Published May 01, 2004Intermission has got to be one of the bleakest and most violent romantic comedies ever made. Set in suburban Dublin, the film is a sprawling story featuring an Altman-esque cast of interconnected characters who break hearts and faces in equal measure. John (Cillian Murphy) and Deirdre's (Kelly MacDonald) recent break-up sets off a chain of events that includes a broken marriage, lost jobs, traffic accidents, a heroic rescue, heists, a kidnapping and a shoot-out. Caught in the middle of all this drama are John's best friend Oscar (David Wilmot), lonely and lovelorn, Deirdre's new beau Sam (Michael McElhatton) and his bitter ex-wife (Deirdre O'Kane), and Deirdre's emotionally damaged sister Sally (Shirley Henderson). Spicing up the story's periphery are the ruthless criminal Lehiff (Colin Farrell), over-zealous cop Jerry (Colm Meany), and documentary maker Ben (Tom O'Sullivan).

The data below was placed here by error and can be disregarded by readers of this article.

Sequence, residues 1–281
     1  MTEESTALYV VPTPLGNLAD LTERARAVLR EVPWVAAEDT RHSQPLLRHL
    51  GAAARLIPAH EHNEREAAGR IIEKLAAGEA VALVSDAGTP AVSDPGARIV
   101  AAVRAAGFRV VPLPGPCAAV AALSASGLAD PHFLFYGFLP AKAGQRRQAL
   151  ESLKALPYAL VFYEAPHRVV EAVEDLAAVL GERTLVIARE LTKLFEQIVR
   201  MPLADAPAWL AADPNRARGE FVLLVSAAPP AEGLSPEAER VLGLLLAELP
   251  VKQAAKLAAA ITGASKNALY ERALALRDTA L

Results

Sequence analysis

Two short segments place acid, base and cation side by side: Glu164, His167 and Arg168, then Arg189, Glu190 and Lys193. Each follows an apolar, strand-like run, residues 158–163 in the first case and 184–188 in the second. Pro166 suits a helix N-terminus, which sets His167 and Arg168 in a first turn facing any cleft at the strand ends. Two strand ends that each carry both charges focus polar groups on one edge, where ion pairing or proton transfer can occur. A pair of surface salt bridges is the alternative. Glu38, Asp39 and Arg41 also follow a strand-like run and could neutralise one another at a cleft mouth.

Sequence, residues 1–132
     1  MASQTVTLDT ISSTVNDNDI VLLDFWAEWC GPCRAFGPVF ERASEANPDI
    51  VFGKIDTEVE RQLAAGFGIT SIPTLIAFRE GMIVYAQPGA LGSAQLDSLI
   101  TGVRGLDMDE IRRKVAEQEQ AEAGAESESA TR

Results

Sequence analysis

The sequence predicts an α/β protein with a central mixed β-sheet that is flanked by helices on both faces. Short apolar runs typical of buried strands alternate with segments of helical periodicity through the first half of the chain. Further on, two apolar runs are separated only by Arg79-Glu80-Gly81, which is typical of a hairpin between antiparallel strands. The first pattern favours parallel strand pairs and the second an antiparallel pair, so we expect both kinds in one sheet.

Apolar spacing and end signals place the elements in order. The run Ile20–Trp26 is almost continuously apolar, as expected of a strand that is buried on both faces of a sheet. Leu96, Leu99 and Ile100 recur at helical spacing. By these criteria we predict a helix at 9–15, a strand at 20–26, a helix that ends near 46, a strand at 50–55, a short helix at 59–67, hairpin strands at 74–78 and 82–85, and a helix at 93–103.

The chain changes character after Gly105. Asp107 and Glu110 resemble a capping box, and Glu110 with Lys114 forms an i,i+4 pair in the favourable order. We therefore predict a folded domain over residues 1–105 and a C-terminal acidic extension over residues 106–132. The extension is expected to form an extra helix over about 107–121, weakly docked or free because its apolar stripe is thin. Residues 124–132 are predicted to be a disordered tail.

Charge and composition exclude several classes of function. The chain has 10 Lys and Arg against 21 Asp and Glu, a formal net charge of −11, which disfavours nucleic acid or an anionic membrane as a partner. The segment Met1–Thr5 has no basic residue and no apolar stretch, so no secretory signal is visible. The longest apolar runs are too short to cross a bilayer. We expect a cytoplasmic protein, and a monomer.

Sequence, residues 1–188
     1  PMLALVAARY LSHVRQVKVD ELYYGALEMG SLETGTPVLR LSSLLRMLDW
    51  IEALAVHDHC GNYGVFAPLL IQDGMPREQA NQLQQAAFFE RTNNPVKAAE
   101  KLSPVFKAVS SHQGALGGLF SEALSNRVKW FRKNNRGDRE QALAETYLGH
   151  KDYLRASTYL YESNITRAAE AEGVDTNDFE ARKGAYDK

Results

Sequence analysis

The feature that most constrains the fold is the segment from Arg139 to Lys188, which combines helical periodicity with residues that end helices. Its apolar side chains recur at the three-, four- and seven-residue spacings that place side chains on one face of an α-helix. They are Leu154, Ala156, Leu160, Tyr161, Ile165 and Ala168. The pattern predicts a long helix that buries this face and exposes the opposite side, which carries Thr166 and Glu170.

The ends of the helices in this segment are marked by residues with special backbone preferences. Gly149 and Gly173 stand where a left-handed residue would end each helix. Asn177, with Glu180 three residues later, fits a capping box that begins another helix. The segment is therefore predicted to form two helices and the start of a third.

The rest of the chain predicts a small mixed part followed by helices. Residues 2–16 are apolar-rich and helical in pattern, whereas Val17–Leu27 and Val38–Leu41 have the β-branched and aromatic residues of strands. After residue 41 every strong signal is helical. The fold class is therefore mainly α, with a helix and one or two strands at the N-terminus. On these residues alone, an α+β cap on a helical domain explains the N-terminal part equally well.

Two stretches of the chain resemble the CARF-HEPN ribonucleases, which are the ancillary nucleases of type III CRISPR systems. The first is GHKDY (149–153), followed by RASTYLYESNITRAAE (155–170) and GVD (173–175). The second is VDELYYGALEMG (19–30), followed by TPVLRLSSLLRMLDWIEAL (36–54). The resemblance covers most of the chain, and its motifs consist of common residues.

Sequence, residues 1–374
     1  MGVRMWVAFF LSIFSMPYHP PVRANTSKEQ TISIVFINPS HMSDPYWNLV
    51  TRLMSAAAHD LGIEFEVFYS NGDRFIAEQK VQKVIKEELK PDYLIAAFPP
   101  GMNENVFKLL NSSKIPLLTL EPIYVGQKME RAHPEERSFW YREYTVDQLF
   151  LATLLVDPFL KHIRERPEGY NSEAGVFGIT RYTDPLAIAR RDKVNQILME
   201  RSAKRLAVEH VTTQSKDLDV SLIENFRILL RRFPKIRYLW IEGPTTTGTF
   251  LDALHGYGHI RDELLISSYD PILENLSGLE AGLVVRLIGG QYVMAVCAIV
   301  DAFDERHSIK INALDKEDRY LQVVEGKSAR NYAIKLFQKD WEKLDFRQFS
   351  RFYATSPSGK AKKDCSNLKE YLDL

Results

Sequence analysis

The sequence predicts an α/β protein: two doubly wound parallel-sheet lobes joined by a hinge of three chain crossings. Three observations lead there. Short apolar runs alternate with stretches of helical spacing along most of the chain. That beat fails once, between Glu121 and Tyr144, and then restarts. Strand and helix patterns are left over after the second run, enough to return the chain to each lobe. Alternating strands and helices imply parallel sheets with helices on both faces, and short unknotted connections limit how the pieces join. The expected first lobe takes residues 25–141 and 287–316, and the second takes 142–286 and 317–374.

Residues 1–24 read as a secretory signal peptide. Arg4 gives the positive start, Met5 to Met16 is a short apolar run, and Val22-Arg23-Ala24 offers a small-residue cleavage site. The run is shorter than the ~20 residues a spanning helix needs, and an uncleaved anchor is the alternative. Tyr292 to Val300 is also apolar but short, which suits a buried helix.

While the film purports to be about the search for meaningful love in contemporary urban society, the excessive violence, misogynist undertones and unlikeable protagonists make for an uneasy combination and really undermine any possible warm fuzzies over finally requited love. The cast is uniformly strong and the script is occasionally funny or touching, but more often than not their shocking callousness distances you from the characters and generates little sympathy for them. For what it's worth, the soundtrack is excellent, featuring early U2, Ron Sexsmith and the Magnetic Fields. (Alliance Atlantis)